Film Review: Hot Fuzz

Hot Fuzz

I know this is a bold statement, but I�ll just put it out there anyway: Hot Fuzz is the best guy flick of the new millennium.  Hell, it�s quite possibly one of the best guy movies of all time.  I know, I know, in a year alone that�s come out with such macho films as 300 and Grindhouse, this statement might seem incredibly bold, but it�s true all the same.  From the same minds that brought us the now classic Shaun of the Dead comes their ode, no, opus in honor of the buddy-cop-over-the-top-fucking- bloody-action-extravaganza genre.  Is it a horror film?  Not exactly.  But with minds like these and a film like this, that hardly matters.

Sgt. Nicholas Angel (Simon Pegg, sans cricket bat) is London�s top cop.  Expert in pretty much every field ranging from armed response and pursuit to martial arts and chess, he is without a doubt the cream of the crop.  He has an arrest rate 400% higher than any other individual officer, and, well, the other police aren�t entirely fond of it.  He�s making them all look bad, so working as only a bureaucracy can, they promote him into Britain�s #1 crime-free town, the nice little hamlet of Sandford.  He�s a man without purpose in a town whose greatest crime is an escaped swan.  He�s given the single most incompetent partner in town (Nick Frost, sans �I got wood!� t-shirt), an alcoholic action movie aficionado who also happens to be the son of the police chief.  Life is boring in Sandford, and Angel is at the end of his rope.

And that�s when the bodies start piling up.  For a town with such a small population, the body count seems to be, well, a little extreme.  The higher ups in town want to rule them all as accidents, but Angel knows better.  There�s a murderer on the loose who is brutally murdering innocent townfolk, and sometimes the only way to show you�re right is to do it with a lot of guns.  And leaping through the air while firing two guns at the same time.  And drop-kicking an old woman in the face.  All right, am I giving too much away?

For lack of a better word, most every element of Hot Fuzz is perfect.  The dream team of Wright, Pegg and Frost are rapidly proving themselves to be one of the best comedy teams in the business today, yet at the same time they�ve proven their skill to be beyond just one genre.  They can pull off a zombie movie.  They can pull off a romantic comedy.  They can pull off a murder mystery.  They can pull off a bloody as hell over the top action movie.  They can do all this, and still maintain an intelligent and often heartfelt film.  There literally seems to be nothing beyond these guys� skills.  From a writing and directing standpoint, Hot Fuzz is purely top notch.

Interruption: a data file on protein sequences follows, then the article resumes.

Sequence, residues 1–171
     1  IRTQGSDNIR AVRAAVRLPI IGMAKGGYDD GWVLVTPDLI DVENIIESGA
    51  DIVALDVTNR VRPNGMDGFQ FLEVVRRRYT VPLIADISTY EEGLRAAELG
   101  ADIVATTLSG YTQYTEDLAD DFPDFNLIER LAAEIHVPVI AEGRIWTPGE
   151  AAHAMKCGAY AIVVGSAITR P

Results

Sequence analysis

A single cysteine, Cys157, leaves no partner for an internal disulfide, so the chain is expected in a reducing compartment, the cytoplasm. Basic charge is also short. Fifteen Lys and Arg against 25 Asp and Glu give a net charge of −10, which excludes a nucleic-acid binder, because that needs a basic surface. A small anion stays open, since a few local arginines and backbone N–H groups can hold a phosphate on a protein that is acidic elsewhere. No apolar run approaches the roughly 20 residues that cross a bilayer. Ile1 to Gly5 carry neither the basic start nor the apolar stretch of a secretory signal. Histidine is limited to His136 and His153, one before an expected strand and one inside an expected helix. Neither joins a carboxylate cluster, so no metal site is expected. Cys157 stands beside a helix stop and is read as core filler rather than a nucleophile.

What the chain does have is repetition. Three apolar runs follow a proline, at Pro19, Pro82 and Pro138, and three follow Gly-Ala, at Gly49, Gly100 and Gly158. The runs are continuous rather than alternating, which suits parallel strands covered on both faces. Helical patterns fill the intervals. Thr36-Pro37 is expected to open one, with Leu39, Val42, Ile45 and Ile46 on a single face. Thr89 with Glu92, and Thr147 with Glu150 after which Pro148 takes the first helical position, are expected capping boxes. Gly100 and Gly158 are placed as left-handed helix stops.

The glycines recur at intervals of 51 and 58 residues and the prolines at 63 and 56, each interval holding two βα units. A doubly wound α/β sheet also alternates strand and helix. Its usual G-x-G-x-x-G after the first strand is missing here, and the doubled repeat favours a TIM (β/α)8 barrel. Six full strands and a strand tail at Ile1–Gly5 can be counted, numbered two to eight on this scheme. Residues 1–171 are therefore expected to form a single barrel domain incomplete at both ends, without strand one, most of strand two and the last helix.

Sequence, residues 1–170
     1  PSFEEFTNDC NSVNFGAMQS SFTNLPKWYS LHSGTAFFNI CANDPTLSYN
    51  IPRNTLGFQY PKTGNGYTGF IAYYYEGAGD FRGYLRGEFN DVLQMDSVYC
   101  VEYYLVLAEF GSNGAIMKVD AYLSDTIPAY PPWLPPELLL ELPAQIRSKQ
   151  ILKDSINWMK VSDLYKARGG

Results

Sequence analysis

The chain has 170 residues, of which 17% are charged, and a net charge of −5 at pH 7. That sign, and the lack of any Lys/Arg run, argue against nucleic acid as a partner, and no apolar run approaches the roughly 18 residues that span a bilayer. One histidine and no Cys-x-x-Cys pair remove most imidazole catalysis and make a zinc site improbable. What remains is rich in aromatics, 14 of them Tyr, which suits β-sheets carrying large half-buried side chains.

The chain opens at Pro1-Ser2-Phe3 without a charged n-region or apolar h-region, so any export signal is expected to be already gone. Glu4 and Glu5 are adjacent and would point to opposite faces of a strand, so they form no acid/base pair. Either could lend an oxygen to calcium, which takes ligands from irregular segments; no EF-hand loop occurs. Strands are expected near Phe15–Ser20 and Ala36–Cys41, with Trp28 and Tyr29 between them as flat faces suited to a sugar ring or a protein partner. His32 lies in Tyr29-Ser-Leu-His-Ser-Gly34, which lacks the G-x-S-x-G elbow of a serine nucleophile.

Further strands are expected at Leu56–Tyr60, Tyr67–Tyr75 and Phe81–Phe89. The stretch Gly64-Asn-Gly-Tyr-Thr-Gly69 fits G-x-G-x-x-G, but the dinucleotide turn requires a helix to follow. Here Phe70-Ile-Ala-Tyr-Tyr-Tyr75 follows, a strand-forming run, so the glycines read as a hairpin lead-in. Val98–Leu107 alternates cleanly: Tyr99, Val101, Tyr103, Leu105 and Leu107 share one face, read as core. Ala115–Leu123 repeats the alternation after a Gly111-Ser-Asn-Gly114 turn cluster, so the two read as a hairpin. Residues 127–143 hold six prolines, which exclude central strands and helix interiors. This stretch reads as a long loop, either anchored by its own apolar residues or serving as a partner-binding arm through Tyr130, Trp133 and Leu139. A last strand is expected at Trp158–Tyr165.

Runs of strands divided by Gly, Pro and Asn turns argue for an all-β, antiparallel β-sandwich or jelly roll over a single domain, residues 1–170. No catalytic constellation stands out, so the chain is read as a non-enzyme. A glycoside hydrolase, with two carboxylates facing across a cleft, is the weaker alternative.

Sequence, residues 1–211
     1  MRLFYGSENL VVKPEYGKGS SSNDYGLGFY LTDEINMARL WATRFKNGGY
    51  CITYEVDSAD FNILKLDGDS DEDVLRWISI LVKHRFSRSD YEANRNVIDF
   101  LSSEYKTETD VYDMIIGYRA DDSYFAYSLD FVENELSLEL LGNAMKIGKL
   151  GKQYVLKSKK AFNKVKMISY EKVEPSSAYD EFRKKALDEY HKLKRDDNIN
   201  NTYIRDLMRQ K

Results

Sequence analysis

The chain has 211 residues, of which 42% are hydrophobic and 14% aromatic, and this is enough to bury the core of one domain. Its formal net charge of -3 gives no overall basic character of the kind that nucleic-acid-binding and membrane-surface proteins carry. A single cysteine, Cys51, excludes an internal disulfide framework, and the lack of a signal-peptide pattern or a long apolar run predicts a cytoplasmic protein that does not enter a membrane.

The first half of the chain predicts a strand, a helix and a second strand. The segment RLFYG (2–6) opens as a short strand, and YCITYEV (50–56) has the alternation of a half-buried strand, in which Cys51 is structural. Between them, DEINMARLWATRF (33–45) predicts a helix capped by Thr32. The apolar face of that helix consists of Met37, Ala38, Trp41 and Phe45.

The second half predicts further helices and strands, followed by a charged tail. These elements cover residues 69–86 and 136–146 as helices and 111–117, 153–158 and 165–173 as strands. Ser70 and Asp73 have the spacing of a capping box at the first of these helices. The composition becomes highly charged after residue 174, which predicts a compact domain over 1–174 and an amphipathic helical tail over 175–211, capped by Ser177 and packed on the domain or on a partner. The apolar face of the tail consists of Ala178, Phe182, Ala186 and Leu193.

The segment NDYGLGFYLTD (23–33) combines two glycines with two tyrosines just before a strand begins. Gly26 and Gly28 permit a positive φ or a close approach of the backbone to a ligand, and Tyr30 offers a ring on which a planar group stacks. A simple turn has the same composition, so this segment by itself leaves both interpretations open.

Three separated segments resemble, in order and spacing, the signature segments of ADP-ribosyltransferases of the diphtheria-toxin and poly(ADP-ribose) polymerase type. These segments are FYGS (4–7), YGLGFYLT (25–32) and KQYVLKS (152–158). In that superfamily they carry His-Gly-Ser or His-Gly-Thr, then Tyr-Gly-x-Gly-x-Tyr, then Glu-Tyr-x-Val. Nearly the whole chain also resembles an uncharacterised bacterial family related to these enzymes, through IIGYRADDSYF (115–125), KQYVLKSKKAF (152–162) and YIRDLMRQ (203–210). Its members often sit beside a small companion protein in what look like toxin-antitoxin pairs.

The film also benefits from some awesome performances.  In stark contrast to his bumbling Shaun, Pegg�s performance as Sgt. Nicholas Angel is amazingly professional.  It�s not a stretch to see him in his element as one of the best commando-style cops England has to offer.  The yin to his yang, bumbling officer Danny Butterman, is played to perfection by Shaun cohort Nick Frost.  For the longest time he appears to be a walking and talking mistake, an accident waiting to happen, the usual comedic foil you�re bound to find in any standard buddy cop film.  However, his earnest and honest performance of a man who knows his limitations (coupled with some of the films best one-liners) proves that he is without a doubt the films emotional core.  The most surprising performance to come out of the film comes from ex-James Bond Timothy Dalton, who plays the local grocery store owner with a particular slimy smarminess and general creepiness about him that you are so certain for the longest time that he is the killer, and once his full involvement is revealed it�s still an awesome revelation.

But what is an action film without a certain level of gratuitousness?  This film goes as over the top as humanly possible while still finding a way to make it work.  See, much like its predecessor Shaun of the Dead, Hot Fuzz is a film that acknowledges and embraces the stereotypes and clich�s of the genre, and then takes them in wild new awesome directions.  It�s a movie filled with car chases, gun fights, explosions, drawn out slow motion shots of guys screaming �NOOOOOOOOOOOOOOOOOOOOOOOOO!!!!!!!� while holding a dying friend.  I mean, we�ve seen these things before, we�ve seen them millions of times, but still this is a movie that manages to make them work in brand new ways.

And did I mention this film is gory?  Though they may have switched from zombies (and Don�t) to buddy cop films, Wright and co. still haven�t forgotten their roots.  Hot Fuzz is gory.  Excessively so at points.  And it is awesome.  People are decapitated, shot to shot to shit, stuck in bear traps, lose feet and are impaled brutally through the throat on a pair of hedge clippers.  One of the films standout gore points involves a church and music straight out of The Omen, but this is no lightning rod.  Oh no, it�s something delightfully heavier, blunter and all sorts of gooier.  They know their blood and guts.

So is Hot Fuzz a horror film?  Not quite.  It�s a murder mystery/buddy cop film more than anything else, but I urge anyone and out there who considers themselves a genre fan and a fan of Shaun of the Dead to see this movie.  It defies basic definition as a movie, and is a classic in the making.  I know I tend to gush, and sometimes it�s not always worth it, but this one is.  For lack of any better words, Hot Fuzz is fucking awesome.  See it.  See it soon.  Then see it again and laugh like hell all over again.  It is just that good.

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